google corporate headquarters
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Larry of http://www.intelligentinvestors.org

Right now, Google seems to be valued by its growth in revenue (1).  However, the important question to an investor always has been, what kind of cash is the company bringing in?  By free cash flow standards I believe Google is an extremely cheap company.

Google is one of the only brands in Interbrand’s top ten to grow its brand value by double digits, besides HP (Google: 36% and HP: 12%) (2).  It is ranked #4 overall and growing at the pace it has been (approximately 39% on average the last 5 years) it will overtake Coca-Cola as the #1 brand in 2 years.  Google will lead the pack in cloud computing (the power of their Chrome OS can not be overstated: CNET on Chrome), its Android phone is quickly capturing market share, Google TV is just starting to take hold, and don’t forget web advertising (3) among other things (see: what else Google owns).  It is safe to say Google will not lose relevance within the next 5-10 years and in fact appears only to be gaining relevance.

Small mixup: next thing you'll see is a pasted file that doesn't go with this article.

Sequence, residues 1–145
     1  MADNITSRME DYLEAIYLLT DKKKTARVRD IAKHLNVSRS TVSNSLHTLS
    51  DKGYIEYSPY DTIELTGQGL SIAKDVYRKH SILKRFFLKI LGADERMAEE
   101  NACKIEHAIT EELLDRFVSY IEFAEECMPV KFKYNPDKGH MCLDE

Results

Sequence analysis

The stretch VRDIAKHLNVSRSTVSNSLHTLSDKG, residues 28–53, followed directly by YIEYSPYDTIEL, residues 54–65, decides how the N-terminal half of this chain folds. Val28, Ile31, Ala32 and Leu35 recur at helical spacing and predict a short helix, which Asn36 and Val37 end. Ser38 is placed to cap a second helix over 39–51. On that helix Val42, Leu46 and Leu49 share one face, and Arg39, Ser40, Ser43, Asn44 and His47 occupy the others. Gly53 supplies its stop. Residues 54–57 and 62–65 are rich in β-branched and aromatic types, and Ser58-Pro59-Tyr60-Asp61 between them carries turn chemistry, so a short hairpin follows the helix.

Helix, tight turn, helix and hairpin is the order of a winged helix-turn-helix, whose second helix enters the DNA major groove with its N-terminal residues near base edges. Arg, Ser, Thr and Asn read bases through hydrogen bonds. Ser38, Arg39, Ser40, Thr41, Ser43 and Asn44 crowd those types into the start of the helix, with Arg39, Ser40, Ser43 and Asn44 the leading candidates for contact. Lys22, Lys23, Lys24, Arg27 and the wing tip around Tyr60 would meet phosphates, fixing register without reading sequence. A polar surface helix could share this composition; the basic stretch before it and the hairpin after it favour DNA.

In terms of free cash flow*, Google has seen growth of about 82% per year since 2002.  Its market cap (EOY) has ranged from as high as 72x FCF to as low as 23x FCF.  Right now it is trading at about 22x.  If Google has seen 82% FCF over its life and around 55% growth in the last 4 years why is it only being valued as if its free cash flow growth will not continue?  Even by conservative measures, assuming a free cash flow growth of 40%, this puts the value in 2013 at around $1475 per share.  Investors, it appears, expect it to be worth around $1000 by then.  Being less conservative and assuming 50% growth, Google’s price per share could easily reach $1813.  Given that the future of Google only looks brighter it seems reasonable to assume that its growth will be anything but conservative (4).

It is fairly obvious that a company as established as Google with such a large potential for future growth is not being valued correctly.  While investors are outrageously valuing cloud computing stocks (5) Google sits mostly unnoticed.  It seems investors think Google’s best days are behind it; seems to me the perfect time to invest.

Note:  If you are interested in learning more about Google in regards to free cash flow check out this other excellent article by a SeekingAlpha member here.

*Free cash flow data provided by Morningstar.com

Disclosure: No position